We’ve seen other blended couples, who refused to say the hard things to their kids, fracture.

A CAUTIONARY TALE

One newly-married blended couple, who came to a blended couples class Gary and I led at our church, was adamant they would never say to their kids what I said to mine. The husband was, anyway. He felt guilty about the break-up of his first marriage and considered himself noble when he proclaimed loudly and proudly: “I had my kids first, they’ll come first! I promised them that. Mona knew it when she married me!” Mona, by the way, never said a word on the subject.

They made the worst mistake a blended family can make. Sadly, but not surprisingly, their marriage didn’t last a year.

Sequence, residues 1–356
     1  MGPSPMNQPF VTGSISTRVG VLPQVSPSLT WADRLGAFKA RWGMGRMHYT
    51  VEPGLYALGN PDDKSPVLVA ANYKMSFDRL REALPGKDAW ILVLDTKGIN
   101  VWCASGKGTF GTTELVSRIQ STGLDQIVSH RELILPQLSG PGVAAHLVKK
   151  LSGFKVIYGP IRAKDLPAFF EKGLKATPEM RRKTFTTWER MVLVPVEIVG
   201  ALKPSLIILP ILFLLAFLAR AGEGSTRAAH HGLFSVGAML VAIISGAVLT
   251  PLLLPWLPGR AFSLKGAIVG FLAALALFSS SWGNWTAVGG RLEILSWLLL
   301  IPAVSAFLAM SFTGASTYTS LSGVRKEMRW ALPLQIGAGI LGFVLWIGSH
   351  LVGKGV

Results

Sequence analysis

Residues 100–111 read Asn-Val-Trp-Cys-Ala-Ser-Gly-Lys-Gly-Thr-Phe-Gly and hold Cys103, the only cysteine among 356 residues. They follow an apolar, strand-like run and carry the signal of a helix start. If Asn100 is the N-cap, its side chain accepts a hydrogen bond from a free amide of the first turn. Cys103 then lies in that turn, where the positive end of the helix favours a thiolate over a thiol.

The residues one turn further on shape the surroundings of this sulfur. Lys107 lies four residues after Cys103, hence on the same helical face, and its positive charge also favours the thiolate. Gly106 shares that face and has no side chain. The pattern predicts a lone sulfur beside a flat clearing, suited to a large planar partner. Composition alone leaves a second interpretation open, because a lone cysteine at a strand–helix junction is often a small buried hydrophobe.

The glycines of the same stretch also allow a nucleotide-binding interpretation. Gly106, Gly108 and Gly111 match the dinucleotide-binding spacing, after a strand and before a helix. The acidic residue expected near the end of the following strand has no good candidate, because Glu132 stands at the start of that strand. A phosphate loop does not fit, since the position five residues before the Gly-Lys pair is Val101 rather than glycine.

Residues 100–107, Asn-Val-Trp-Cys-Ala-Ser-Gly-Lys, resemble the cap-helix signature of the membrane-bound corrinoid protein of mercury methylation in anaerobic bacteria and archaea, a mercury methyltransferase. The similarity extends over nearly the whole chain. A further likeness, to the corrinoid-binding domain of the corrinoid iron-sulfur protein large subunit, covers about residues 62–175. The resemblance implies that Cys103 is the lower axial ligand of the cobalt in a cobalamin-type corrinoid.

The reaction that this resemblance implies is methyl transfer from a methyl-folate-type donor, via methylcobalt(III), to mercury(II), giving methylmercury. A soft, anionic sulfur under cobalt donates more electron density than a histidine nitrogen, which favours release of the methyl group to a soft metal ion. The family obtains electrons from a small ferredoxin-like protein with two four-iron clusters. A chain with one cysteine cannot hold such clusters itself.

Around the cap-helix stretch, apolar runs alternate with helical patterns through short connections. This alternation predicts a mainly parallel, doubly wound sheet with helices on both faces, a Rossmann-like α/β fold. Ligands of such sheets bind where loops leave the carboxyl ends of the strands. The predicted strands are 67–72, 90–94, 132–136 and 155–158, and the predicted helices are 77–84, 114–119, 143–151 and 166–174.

Truth be told, every marriage, blended or not, survives by the grace of God. But if you’re not willing or strong enough to say the hard words in a blended family that assures everyone their appropriate role, just don’t get married. Get a dog instead.

blended family

  • sam

    Interesting insights, very well written and thought out. Thank you for writing!

    • Alexandra T Armstrong

      Thanks, Sam!

  • Coming from someone with divorced parents, I think you are right on the money. My parents divorced when I was young, and both eventually re-married. Now my step parents treated me just like their own children, and I was made aware that the husband/wife role is important. They have to stand together in order to raise good children.